International sustainability surveys (Aberdeen Group; Haanaes, Balagopal and Arthur) have found evidence of a significant gap between those organizations that have fully embraced sustainability and those who are adopting it more gradually and in a more peripheral way. While most organizations now recognize the business benefits of sustainability, the more “cautious adopters” (Kruschwitz and Haanaes 4) are struggling to measure these and are not yet gaining a competitive advantage from their sustainability initiatives in the way that the first group are. Among the organizations that have successfully adopted sustainability in a strategic way into their core business, the reported benefits include greater efficiencies, the ability to innovate, increased profits and business growth (The Aberdeen Group 22; Haanaes, Balagopal and Arthur 78).
What often goes unrecognized is that, like other business projects, sustainability initiatives require a good mix of art and science to be successfully implemented and achieve their desired outcomes. In order to generate business as well as environmental benefits from a sustainability initiative, a transformative approach is required in which sustainability principles are incorporated into all areas of the organization, and workplace norms and behavior are modified to reflect these. Unfortunately, organizational transformations in general typically have high failure rates (Economist Intelligence Unit 5; IBM 14), and it is becoming increasingly evident from research that this can largely be attributed to a neglect of the people-related aspects of change. In the area of sustainability, projects and goals are often established without due consideration to the likely impact on employees and what will be required of them to ensure the success of the initiative. Further, sustainability initiatives are often launched without the levels of investment or the application of project management expertise and tools that would generally be allocated to other types of business project, which almost sets them up for failure from the outset.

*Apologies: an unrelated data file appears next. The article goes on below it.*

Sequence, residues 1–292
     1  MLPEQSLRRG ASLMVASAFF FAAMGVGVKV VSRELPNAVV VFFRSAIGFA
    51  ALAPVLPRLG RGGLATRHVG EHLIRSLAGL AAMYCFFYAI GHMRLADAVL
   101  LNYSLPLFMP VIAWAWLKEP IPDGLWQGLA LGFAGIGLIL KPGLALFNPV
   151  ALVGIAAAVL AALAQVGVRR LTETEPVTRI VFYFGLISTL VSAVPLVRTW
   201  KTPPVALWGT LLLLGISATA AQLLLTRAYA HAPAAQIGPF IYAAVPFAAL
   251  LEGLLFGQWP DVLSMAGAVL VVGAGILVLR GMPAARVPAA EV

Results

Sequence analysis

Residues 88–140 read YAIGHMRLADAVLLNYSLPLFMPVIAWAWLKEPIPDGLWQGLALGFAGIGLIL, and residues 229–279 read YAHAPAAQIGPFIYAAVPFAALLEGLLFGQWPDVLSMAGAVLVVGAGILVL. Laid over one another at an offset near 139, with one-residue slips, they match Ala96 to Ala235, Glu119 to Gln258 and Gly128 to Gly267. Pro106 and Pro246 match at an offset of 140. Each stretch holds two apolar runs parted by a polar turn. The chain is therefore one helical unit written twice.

Moreover, research indicates that sustainability is still being given a relatively low priority on the executive agenda compared with other business issues (Kruschwitz and Haanaes 87), which suggests that there are low levels of awareness of its potential business benefits among organizational leaders, leading to a “vicious circle” scenario in which inadequate attention or resources are allocated to sustainability initiatives. In one international survey of more than 4,700 executives and managers from a wide range of sectors, for example, only 28% reported that sustainability is a “core strategic consideration” in their organisation (Kruschwitz and Haanaes 89).